The narrative of hardened criminals finding God in prison has become so clichéd that it is now frequently mocked in popular culture. Take the hit television show, Orange is the New Black, a “dramedy” chronicling life in a women’s prison in upstate New York. One of the characters on the show, Tiffany “Penssatucky” Dogget, is sent to prison for shooting a nurse at an abortion clinic after the nurse makes a snide comment about Penssatucky’s many abortions. After the murder, Penssatucky becomes a hero of the Christian pro-life movement. Pro-life activists pay her legal fees and spin a new narrative about Penssatucky’s life, wherein she is not a criminal meth addict but rather a crusader for the lives of unborn fetuses. Penssatucky adopts her new faith with zeal, which Orange is the New Black plays for laughs. Take this clip, for example (link:[1] Penssatucky is portrayed as a stupid, crude hillbilly with comically ridiculous religious views. Accordingly, Penssatucky’s gradual abandonment of her evangelical faith over the course of the series represents her character development and growth.


Yet religious conversion in prison is a deeply felt experience for many prisoners. This is true for adherents of many religions – Malcolm X and the Nation of Islam stand out as a particularly strong example of the potency of religious experience in prison. In this blog post, however, I will focus on Christianity, using the Gospel According to Matthew to help understand the appeal of Christianity for those who are incarcerated. I will intersperse my textual analysis with some especially powerful images from Serge J-F. Levy’s series of photographs documenting religious practice in maximum-security prisons.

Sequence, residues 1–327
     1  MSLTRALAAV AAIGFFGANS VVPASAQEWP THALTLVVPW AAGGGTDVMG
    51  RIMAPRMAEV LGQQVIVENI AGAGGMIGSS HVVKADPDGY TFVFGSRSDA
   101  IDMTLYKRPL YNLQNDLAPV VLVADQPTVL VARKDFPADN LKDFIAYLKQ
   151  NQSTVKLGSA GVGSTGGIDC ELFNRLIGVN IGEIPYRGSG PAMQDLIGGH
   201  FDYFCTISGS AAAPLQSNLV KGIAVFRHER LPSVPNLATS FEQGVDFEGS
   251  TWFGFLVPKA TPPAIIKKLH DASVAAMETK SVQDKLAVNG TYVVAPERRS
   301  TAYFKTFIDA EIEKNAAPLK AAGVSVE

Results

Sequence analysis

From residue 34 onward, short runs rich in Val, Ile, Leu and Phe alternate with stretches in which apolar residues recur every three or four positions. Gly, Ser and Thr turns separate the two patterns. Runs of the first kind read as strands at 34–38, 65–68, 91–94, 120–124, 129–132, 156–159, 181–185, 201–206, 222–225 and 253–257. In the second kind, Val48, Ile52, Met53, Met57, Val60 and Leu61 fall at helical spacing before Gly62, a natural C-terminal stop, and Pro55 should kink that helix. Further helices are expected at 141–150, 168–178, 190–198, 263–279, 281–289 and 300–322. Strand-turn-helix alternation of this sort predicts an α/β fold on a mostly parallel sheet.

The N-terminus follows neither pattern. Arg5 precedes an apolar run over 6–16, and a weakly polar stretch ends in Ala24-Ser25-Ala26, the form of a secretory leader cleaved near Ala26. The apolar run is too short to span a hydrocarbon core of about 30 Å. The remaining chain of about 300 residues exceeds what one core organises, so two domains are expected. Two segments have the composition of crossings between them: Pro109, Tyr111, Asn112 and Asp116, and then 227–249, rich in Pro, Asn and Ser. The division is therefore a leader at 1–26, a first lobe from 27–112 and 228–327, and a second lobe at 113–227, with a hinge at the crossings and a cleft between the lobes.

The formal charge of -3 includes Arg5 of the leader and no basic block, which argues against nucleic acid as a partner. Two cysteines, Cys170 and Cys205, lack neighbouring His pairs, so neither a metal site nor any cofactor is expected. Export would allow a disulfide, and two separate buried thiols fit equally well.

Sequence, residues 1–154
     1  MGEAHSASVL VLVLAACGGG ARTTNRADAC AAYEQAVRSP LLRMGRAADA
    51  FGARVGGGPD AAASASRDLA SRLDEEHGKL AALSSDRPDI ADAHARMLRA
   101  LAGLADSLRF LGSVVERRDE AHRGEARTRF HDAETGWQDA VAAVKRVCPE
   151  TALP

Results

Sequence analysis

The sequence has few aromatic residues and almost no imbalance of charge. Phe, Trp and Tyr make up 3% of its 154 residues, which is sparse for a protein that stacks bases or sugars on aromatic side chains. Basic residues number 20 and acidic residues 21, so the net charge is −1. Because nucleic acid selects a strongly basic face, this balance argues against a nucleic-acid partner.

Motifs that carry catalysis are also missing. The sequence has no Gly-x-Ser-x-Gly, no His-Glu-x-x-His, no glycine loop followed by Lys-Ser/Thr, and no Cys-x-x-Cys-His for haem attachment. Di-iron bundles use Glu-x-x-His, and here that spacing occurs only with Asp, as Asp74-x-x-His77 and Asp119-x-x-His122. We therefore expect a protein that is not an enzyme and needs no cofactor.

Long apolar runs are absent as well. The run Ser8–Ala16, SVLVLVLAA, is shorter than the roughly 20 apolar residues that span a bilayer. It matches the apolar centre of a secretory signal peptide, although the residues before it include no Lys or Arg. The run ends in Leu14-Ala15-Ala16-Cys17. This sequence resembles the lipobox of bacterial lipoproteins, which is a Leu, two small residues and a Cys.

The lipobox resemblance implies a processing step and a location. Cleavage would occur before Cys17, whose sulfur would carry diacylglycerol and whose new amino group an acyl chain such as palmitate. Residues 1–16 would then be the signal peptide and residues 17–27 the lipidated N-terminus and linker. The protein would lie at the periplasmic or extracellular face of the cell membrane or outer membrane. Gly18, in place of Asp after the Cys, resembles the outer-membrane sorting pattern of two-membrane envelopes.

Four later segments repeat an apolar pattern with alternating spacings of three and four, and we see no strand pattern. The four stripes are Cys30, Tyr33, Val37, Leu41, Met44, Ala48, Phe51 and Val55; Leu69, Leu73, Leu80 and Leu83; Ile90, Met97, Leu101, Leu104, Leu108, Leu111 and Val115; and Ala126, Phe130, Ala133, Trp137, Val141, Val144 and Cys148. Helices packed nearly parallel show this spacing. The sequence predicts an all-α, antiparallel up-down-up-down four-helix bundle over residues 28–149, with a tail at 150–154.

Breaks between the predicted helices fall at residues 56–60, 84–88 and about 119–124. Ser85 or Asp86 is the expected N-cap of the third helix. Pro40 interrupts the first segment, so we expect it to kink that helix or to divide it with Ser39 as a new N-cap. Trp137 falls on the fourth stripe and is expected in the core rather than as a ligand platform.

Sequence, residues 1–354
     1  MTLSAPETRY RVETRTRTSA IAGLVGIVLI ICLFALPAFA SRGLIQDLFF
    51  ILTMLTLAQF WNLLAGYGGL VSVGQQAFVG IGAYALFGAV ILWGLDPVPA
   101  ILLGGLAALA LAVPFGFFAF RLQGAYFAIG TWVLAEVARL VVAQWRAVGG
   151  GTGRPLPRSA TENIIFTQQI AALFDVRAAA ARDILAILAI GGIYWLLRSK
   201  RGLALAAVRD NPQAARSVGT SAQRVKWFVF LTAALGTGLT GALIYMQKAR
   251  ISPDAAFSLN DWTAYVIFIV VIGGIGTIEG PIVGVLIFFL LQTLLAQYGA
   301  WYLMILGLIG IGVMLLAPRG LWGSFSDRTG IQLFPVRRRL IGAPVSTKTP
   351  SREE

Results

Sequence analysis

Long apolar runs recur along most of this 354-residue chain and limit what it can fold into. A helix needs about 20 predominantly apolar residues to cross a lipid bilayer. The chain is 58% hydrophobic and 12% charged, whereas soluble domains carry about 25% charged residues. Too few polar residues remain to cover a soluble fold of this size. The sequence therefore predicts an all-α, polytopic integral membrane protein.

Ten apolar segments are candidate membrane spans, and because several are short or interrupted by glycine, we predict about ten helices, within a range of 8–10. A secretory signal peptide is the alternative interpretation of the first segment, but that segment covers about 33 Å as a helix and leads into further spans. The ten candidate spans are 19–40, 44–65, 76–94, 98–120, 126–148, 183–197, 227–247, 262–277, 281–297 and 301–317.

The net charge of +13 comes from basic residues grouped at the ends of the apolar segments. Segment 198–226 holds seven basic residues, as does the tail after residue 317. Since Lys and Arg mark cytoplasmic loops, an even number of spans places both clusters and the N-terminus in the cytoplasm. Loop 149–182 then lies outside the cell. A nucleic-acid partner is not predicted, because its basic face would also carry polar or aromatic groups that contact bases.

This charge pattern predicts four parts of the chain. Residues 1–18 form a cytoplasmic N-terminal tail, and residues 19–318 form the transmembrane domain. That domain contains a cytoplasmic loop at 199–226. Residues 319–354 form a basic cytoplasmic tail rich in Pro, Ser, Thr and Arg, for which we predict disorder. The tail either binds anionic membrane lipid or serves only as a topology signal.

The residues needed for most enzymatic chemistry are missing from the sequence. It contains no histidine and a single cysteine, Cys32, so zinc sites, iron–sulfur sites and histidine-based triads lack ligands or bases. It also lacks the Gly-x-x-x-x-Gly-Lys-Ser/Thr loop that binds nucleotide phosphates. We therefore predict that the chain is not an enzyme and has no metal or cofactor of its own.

Serge J-F. Levy(c)2013-Faith08.jpg.CROP.original-original. Levy(c)2013-Faith08

A prisoner praying at Minnesota Correction Facility[2]


In a 2006 study of prisoners who converted to Christianity, criminologists Shadd Maruna, Louise Wilson, and Kathryn Curran argue many prisoners use conversion to overcome the stigma of their imprisonment. Christianity thus serves as a “tool for shame management.”[3] Rather than identify as prisoners or criminals, converts come to see themselves first and foremost as Christians.[4] Furthermore, Christianity offers prisoners a “framework for forgiveness.”[5] For those who have committed serious crimes, the concept of equality is particularly appealing, suggesting that “all people need forgiveness and we are all children of God.”[6] Indeed, in the Gospel According to Matthew, Jesus warns, “For if you forgive men their trespasses, your heavenly Father also will forgive you; but if you do not forgiven men their trespasses, neither will your father forgive your trespasses” (Matthew, 7:14-15).

 Serge J-F. Levy(c)2013-Faith07.jpg.CROP.original-original. Levy(c)2013-Faith07

Prisoners baptize one another in a laundry cart at Minnesota Correction Facility[7]